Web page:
BRUSSELS, Dec 9 (Reuters) - The European Union and Chile
struck a partnership on Friday that will liberalise more trade
between the two and give EU companies greater access to raw
materials such as lithium and copper that are key to the EU's
The partnership, which includes cooperation on climate
change, justice and science, is part of an EU push to forge
alliances to respond to the fallout from Russia's invasion of
Ukraine and concerns over its economic dependence on China.
On raw materials, the agreement means EU companies will be
less hindered by Chile's dual pricing system for domestic use or
exports and potential export monopolies, while still allowing
Chile to promote domestic processing.
More than 60% of EU imports of lithium are from Chile, the
world's largest copper producer and second largest lithium
producer, while China controls nearly two-thirds of the world's
processing of lithium into battery-grade material.
"This is certainly going to be an agreement that helps us to
diversify our resources and move out of dependence on China, in
particular at this stage about lithium and copper," an EU
The two partners would treat EU and Chilean investors the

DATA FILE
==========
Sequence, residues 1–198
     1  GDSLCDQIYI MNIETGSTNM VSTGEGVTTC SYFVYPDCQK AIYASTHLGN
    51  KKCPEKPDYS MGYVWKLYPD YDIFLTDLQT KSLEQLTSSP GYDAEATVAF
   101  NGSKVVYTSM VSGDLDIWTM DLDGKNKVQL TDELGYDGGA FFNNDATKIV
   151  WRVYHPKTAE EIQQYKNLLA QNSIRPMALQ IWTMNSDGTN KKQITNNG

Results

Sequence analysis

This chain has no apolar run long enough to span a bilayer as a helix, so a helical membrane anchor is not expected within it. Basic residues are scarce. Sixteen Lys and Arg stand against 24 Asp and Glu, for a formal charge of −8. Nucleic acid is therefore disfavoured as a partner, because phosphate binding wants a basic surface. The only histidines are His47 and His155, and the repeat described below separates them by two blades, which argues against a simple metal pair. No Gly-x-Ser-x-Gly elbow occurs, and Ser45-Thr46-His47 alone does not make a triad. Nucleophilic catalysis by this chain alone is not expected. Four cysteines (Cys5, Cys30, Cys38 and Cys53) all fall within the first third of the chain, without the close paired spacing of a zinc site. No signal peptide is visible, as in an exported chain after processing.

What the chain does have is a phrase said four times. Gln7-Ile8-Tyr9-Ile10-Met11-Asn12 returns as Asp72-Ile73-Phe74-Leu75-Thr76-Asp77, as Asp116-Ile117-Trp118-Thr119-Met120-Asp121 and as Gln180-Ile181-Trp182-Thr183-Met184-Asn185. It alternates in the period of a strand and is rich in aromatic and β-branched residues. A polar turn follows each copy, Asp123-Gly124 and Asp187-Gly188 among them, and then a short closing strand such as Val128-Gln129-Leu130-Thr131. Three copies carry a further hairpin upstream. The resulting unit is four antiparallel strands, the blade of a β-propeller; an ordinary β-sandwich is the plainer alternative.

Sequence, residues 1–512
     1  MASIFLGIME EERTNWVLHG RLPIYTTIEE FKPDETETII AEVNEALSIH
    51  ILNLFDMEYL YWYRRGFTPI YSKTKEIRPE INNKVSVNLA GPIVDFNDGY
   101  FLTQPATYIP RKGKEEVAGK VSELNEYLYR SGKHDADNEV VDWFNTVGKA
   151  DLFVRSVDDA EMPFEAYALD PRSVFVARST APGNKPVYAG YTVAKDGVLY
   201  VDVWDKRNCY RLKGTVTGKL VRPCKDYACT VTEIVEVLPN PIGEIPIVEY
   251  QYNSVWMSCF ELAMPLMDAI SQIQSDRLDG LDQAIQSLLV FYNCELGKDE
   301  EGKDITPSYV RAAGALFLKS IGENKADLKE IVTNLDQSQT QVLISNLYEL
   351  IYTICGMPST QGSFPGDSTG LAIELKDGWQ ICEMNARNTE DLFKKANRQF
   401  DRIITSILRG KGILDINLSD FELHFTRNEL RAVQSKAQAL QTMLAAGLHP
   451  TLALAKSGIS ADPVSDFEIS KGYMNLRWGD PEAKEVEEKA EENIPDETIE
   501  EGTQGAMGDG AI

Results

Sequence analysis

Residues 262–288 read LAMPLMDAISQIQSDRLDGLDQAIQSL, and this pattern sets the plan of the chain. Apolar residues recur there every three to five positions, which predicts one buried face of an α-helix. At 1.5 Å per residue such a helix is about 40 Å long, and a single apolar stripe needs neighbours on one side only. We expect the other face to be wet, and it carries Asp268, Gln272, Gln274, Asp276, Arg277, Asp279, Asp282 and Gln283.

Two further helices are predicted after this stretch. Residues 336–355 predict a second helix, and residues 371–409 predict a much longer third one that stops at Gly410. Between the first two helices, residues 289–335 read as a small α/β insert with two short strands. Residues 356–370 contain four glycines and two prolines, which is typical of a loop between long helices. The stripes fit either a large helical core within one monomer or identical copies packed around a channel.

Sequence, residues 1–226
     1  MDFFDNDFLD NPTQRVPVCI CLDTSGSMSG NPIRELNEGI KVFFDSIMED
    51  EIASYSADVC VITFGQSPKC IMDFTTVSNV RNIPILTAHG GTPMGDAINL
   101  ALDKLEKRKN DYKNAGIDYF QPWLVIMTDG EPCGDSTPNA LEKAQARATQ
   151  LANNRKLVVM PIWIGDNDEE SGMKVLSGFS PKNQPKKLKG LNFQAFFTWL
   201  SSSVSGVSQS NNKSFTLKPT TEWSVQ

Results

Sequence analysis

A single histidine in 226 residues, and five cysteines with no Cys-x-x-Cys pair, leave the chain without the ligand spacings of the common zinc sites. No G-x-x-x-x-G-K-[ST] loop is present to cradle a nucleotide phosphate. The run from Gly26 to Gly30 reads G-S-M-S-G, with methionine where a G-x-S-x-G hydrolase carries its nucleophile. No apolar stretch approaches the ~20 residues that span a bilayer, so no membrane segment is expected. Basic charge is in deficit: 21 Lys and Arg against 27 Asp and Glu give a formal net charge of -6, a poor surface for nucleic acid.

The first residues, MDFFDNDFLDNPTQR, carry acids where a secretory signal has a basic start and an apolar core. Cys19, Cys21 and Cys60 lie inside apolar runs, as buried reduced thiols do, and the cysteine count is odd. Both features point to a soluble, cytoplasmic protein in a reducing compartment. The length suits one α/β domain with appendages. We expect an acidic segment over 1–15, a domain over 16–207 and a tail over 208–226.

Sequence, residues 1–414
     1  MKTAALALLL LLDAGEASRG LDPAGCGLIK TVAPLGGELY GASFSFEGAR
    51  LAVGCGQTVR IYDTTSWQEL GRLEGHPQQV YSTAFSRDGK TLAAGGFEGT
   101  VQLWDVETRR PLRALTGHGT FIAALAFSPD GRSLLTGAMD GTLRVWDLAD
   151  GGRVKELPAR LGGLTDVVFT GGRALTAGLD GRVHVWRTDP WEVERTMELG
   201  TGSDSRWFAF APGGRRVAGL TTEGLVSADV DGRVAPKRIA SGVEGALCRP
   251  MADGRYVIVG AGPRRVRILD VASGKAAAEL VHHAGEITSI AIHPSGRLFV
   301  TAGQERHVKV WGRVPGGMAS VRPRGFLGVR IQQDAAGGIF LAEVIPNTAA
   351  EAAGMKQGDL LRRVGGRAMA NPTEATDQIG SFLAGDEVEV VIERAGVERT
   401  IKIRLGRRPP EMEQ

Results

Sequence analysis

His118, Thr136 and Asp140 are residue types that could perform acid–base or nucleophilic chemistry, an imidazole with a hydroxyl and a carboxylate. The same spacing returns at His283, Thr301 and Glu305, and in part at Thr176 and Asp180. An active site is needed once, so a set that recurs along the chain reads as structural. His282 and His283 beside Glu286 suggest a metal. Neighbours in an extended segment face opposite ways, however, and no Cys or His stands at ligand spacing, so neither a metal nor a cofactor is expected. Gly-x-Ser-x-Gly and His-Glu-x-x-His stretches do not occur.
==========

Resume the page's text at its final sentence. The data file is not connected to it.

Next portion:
same as domestic investors in each other's markets, including in
energy and raw materials.
The new trade agreement will extend the existing deal from
2003 that already liberalised trade in some 96% of product
lines. With the notable exception of sugar, the new agreement
will liberalise the rest.
It will increase EU quotas for Chilean poultry and other
meats and for olive oil. The EU will be able to sell more dairy
produce, notably cheese.
It will also expand on a system to reserve food and drinks
names to products made in the places where they originate. So
"prosecco", for example, will only be used for sparkling wine
There will also be a liberalisation of services, such as
deliveries, telecoms, maritime transport and financial services,
and of access to public sector contracts.
The trade aspects require approval from the European
Parliament and EU governments to enter force, which could be in
(Reporting by Philip Blenkinsop
Editing by Mark Potter)